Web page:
We see them laboring in and around their monastic hive. How they pray and chant the divine office; how they study and expound the holy doctrine to their pupils; how they are ever travelling, walking in procession by hundreds and by thousands through the island, the interior spirit not allowing them to stand still. There are so many pilgrimages to perform, so many shrines to venerate, so many works of brotherly love to undertake. Other monks in other countries, indeed, did the same, but seldom with such universal ardor. The whole island, as we said, is one church. On all sides you may meet bishops, and priests, and monks, bearing revered relics, or proceeding to found a new convent, plant another sacred edifice, or establish a house for the needy. The people on the way fall in and follow their footsteps, sharers of the burning enthusiasm. Many-how many!- were thus attracted to this mode of life, wherein there was scarce aught earthly, but all breathing holiness and heavenly grace!
Thus the island was from the beginning a holy island. But zeal for God in their own country alone not being enough for their ardor, those men of God were early moved by the impulse of going abroad to spread the faith. Volumes might be written of their apostleship among barbarous tribes; we have room only for a few words.
They first went to the islands north of them, to the Hebrides, the Faroe Isles, and even Iceland, which they colonized before the Norwegian pirates landed there. Then they evangelized Scotland and the north of England; and, starting from Lindisfarne, they completed the work of the conversion of the Anglo-Saxons, which was begun by St. Augustin and his monks in the south.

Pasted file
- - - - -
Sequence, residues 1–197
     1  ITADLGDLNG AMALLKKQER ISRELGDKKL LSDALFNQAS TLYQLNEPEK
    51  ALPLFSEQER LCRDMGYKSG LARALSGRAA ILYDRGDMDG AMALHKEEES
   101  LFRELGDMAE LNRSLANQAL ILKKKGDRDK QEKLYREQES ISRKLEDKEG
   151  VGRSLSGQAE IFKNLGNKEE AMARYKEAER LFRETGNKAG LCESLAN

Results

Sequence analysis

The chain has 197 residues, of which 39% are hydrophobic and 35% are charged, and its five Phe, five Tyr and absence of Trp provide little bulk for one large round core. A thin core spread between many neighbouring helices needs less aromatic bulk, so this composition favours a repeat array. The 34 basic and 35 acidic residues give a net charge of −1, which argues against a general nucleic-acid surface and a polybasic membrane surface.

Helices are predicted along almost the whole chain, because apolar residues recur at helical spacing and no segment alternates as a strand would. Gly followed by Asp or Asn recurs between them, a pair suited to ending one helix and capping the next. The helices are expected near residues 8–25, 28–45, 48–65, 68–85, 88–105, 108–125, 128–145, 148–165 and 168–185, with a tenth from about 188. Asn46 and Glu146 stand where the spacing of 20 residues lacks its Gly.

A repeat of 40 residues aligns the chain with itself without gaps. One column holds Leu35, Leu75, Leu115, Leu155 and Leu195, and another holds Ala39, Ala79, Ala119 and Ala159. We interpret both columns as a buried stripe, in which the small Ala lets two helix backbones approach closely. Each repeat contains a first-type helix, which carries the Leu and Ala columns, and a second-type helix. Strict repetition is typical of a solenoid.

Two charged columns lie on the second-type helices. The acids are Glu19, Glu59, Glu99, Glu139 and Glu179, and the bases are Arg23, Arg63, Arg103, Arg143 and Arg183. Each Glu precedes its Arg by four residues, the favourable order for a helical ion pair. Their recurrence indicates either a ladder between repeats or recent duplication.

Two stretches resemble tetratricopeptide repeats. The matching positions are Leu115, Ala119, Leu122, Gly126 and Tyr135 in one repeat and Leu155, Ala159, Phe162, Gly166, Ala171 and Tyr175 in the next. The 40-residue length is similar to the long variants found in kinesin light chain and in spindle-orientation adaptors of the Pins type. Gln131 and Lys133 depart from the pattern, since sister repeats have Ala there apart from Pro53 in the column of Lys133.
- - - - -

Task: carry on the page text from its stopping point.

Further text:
Finally, the whole continent of Western Europe offered itself to their zeal, and at once they were ready to enter fully and unreservedly into the current of new ideas and energies which at that time began to renew the face of that portion of the world overspread by barbarians from Germany. Under the Merovingian kings in France, and later on, under the Carlovingian dynasty, they became celebrated in the east of France, on the banks of the Rhine, even in the north through Germany, in the heart of Switzerland, and the north of Italy. This is not the place to attempt even a sketch of their missionary labors, now known to all the students of the history of those times. But we may here mention that at that time the Irish monarchs and rulers became acquainted with continental dynasties and affairs through the necessary intercourse held by the Irish bishops and monks with Rome, the centre of Catholicity. Thus we see that Malachi II corresponded with Charles the Bald, with a view of making a pilgrimage to Rome.
We learn from the yellow-book of Lecain that Conall, son of Coelmuine, brought from Rome the law of Sunday, such as was afterward practised in Ireland.
Over and above the Irish missionaries who kept up a constant correspondence from the Continent of Europe with their native